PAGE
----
Epstein Audit I: Are Climate Models Too Pessimistic?
In January, Bet On It readers voted for two audits of Alex Epstein’s Fossil Future. First topic: Is Epstein correct to claim that climate models have been too pessimistic; i.e., that they have overpredicted global warming? Specifically:
“Epstein says that climate models are excessively pessimistic. These links argue that they have been accurate.” https://agupubs.onlinelibrary.wiley.com/doi/full/10.1029/2019GL085378
To start, let’s carefully read precisely what Epstein claims. In the section titled “The Limited, Masterable, and Speculative Amplified Greenhouse Effect,” he states:
There are three crucial things to recognize about the positive feedback loops that supposedly contribute to a significantly amplified greenhouse effect: (1) they are limited by the diminishing nature of the greenhouse effect, (2) even extreme projections of warming would be masterable, and (3) the extreme projections are highly speculative and unlikely to come true.
Epstein names three reasons to accept (3):
1. Even catastrophist organizations like the IPCC admit that extreme climate CO2 sensitivity is highly speculative.
2. The temperature record supports a much more mild climate CO2 sensitivity.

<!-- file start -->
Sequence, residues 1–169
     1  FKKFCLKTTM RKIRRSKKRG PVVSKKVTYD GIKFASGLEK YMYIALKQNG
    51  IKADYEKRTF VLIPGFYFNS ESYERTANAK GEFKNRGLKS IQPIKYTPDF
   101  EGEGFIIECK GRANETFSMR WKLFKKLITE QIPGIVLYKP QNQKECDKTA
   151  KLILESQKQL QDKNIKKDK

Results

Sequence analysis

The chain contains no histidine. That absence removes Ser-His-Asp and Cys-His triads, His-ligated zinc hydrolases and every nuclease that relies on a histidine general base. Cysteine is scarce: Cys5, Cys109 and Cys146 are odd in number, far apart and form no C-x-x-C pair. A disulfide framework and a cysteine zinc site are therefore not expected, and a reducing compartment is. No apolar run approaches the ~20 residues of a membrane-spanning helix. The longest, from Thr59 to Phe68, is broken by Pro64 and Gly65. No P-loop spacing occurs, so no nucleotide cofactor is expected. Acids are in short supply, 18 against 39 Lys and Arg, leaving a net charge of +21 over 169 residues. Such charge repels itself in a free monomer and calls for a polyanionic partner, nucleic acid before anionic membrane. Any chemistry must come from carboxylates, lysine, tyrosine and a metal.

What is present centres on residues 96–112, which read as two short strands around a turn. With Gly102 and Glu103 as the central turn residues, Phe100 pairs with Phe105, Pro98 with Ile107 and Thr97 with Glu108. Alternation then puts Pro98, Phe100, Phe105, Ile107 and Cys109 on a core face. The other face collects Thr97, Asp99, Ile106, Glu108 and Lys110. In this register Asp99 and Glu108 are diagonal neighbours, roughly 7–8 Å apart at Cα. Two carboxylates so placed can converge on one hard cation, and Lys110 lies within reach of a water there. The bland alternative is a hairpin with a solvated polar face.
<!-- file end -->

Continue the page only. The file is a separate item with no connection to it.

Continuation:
3. There are myriad ways in which the climate predictors are inclined and incentivized to make extreme predictions
In arguing for (3.1), Epstein explains:
This is a suspicious deviation from most previous assessment reports, which provided an estimated range of 1.5– 4.5°C— suspicious because past models were already projecting more warming than has occurred.(10) So why do the latest models project even more warming? The increased estimate likely reflects the bias of the models and modelers toward more extreme scenarios rather than toward a better understanding of the climate system.
A little later, he adds:
The following page shows a graph of prominent modern climate models for the lowest layer of the atmosphere, put together by John Christy of the University of Alabama at Huntsville, who collects satellite measurements of temperature. Christy assembled this graph to show that most of these models have significantly overpredicted warming.